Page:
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A front-row seat to the planning of the assassination, the president’s last moments, and the shattering aftermath.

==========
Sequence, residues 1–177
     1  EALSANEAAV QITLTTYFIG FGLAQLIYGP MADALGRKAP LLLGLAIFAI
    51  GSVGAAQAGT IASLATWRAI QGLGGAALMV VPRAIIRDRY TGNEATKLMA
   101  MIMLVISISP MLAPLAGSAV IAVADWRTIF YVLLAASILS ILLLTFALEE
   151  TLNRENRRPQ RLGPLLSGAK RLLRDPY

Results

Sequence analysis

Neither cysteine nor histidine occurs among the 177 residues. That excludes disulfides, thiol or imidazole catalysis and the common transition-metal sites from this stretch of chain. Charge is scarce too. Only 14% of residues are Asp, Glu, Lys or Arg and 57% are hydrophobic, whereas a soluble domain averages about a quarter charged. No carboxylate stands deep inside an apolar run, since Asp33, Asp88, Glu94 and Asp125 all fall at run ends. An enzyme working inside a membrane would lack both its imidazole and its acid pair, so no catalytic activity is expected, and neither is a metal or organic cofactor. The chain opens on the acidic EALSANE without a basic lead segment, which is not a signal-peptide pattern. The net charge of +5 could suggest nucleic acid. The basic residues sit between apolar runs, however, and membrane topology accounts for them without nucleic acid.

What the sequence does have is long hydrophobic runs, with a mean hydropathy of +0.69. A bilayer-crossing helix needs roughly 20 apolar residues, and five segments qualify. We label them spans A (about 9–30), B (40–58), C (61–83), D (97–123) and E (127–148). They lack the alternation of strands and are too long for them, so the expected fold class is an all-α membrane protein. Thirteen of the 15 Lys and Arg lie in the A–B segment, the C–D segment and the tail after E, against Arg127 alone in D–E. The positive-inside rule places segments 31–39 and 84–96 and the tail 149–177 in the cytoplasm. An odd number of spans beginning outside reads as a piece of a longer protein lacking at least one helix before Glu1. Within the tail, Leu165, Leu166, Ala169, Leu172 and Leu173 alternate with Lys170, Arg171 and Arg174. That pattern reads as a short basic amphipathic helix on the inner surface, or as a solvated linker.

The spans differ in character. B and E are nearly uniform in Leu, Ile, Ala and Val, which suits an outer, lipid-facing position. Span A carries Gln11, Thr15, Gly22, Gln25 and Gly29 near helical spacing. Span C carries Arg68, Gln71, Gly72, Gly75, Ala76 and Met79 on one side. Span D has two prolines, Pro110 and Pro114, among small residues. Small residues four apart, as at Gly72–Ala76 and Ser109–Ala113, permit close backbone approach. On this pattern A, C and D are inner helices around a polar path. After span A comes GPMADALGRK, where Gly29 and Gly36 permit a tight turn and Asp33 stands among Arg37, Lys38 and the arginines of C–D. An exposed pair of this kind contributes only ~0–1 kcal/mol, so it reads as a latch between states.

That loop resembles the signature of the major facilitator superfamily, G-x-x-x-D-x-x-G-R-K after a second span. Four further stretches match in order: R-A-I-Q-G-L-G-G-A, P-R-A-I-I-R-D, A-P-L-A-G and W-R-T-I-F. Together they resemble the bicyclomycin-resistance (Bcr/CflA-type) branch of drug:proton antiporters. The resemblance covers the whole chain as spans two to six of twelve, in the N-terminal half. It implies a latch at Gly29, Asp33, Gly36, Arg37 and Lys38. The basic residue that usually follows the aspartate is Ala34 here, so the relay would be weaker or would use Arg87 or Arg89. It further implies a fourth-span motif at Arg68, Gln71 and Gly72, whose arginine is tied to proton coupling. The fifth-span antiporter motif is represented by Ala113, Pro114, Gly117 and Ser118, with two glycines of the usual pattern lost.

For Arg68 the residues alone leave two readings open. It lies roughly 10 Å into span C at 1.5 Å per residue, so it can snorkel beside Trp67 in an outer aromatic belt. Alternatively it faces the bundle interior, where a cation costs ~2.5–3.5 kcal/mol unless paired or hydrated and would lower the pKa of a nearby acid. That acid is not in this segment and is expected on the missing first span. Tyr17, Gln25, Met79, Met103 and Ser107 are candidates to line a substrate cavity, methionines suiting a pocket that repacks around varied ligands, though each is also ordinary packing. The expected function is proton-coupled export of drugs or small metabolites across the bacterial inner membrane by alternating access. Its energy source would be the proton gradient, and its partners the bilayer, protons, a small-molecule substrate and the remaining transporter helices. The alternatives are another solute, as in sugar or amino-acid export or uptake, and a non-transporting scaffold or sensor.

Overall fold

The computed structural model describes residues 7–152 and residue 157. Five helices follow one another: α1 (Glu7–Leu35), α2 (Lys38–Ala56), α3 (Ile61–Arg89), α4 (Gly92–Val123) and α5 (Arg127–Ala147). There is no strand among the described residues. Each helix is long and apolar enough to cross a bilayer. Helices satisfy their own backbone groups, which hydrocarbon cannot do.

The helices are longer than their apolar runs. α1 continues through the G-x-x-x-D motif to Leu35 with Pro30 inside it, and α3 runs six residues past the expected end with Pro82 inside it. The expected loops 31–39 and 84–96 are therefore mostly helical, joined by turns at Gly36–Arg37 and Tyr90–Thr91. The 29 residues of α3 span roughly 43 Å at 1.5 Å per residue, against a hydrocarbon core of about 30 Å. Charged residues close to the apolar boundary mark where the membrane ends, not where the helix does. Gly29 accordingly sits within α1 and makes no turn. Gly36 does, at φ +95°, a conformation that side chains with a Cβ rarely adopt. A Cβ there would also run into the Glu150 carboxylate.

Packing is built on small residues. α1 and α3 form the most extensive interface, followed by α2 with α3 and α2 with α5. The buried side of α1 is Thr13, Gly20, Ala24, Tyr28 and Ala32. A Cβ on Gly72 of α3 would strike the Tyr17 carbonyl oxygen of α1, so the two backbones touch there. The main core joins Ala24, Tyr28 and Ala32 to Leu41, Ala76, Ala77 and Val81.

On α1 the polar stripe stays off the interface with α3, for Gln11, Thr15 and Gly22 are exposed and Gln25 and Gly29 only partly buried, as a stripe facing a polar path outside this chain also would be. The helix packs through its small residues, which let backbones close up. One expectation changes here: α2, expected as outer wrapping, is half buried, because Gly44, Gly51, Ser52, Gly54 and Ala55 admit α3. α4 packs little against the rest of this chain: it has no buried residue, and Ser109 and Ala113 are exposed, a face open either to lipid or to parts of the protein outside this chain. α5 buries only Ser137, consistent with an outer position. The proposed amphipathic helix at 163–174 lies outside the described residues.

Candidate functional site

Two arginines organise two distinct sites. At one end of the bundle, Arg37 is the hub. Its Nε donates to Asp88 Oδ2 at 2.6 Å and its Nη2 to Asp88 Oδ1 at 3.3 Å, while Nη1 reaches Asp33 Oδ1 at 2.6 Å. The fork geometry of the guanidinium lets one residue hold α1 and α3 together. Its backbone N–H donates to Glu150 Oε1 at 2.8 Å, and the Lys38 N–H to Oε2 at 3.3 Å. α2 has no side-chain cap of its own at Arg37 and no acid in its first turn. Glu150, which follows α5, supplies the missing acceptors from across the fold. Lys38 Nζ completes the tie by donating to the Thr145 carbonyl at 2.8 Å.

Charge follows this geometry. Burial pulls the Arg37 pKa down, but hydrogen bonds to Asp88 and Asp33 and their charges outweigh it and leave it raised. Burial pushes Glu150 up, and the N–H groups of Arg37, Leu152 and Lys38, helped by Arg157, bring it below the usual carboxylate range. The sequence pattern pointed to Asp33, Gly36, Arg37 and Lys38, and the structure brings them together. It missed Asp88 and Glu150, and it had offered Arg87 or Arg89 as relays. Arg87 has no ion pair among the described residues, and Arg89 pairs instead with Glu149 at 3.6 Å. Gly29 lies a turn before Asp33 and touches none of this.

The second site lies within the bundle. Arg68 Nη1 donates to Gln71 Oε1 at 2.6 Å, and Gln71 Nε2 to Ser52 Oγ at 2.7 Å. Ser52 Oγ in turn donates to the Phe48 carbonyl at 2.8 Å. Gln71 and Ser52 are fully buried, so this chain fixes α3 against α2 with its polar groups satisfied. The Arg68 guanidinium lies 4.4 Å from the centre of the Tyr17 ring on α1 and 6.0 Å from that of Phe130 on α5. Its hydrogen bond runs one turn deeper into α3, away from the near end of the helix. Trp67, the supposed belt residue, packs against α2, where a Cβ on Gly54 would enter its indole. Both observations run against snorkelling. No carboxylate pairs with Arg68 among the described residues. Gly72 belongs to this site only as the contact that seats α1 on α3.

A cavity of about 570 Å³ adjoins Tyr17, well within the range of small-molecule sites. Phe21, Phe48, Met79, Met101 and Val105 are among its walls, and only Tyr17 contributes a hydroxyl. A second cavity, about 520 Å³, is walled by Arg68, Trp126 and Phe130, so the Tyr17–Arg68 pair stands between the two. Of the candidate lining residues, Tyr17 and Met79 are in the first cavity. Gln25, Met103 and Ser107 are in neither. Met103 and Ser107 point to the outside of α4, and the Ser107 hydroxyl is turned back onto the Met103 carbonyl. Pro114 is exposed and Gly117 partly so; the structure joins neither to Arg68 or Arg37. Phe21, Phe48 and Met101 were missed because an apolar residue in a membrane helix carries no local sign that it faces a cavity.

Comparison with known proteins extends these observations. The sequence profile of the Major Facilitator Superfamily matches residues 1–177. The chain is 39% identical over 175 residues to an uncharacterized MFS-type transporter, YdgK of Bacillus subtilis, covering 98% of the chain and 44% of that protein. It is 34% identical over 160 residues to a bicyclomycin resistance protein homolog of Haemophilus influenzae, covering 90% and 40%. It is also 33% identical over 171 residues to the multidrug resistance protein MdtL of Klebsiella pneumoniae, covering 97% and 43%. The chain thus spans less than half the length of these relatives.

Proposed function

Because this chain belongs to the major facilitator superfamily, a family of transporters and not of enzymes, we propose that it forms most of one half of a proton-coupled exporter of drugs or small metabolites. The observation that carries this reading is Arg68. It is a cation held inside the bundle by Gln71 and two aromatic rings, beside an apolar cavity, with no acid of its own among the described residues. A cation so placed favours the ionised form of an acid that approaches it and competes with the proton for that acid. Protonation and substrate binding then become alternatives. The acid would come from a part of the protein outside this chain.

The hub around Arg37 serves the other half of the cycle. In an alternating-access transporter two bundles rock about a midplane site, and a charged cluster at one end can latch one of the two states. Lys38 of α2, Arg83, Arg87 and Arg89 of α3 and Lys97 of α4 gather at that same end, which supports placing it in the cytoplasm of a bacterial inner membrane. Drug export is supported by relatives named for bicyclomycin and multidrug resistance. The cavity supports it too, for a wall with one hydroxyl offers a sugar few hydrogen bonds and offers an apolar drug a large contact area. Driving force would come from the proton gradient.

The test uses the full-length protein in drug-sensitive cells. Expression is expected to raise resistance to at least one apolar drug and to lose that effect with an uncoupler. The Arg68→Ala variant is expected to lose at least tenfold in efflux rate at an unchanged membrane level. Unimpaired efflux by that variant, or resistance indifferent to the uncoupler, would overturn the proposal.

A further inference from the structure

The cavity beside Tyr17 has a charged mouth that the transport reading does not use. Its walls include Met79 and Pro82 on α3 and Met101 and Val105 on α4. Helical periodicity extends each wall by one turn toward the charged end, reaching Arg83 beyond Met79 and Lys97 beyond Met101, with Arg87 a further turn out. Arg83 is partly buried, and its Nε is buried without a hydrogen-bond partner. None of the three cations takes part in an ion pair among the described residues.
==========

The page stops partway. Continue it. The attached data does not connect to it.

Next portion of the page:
Holland, author of several successful works on specific aspects of World War II, here sets himself a more formidable task. This first of three projected volumes focusing on the war in Europe proposes to integrate three perspectives. The first is the human dimension, the human drama. Holland has extensively mined published sources and archives for the experiences and reactions of the men and women who were there, from presidents to mothers to riflemen. Yet he acknowledges that these perspectives are incomplete. From discussing the qualities of a warplane to describing the evacuation at Dunkirk, nuance and context are inevitably limited. That brings Holland to his second perspective: a commitment to presenting the war’s Big Picture in a literal sense. The geography of World War II in the West ranged from the Atlantic Ocean to the North African desert to the Ardennes Forest. Its scope was three-dimensional: a synergy of air, land, and sea operations. The distinctions between home front and fighting fronts blurred, then faded into a general nightmare. The challenge here is controlling the perspective: keeping it from dissolving into a series of poorly connected vignettes. Holland’s solution is his third perspective. He asserts—correctly—that the foci of general histories of the war have been polar: on the high end, addressing the decisions of generals and politicians and on the sharp end emphasizing the experiences of combat. Holland integrates his work by focusing on the war’s operational level. He defines this, with a stimulating breadth, as the level of war where things happen, where tools and theories are tested, where mistakes are rectified—or not. It is at the operational level where nuances emerge, and where clichés go to die. The Rise of Germany begins by seguing from Hitler’s decision to invade Poland to the French and British diplomatic responses, to the sick sense of déjà vu among German generals and English cricketers alike at the second call to arms in a quarter-century, and the temporary anticlimax of the Phony War. The work’s conclusion, on the eve of Operation Barbarossa, juxtaposes Germany’s growing unease at a conflict where battlefield victories were giving way to an economics-based struggle with no end in sight, with an American industrial mobilization as formidable as it was reluctant and the accompanying partnership short of war with a Britain that had held the ring heroically. In between, Holland conveys the physical and the emotional realities of old Europe’s final death grapple with a page-turning intensity and a perceptive insight that make this a standout in the increasingly crowded field of general works on the Second World War.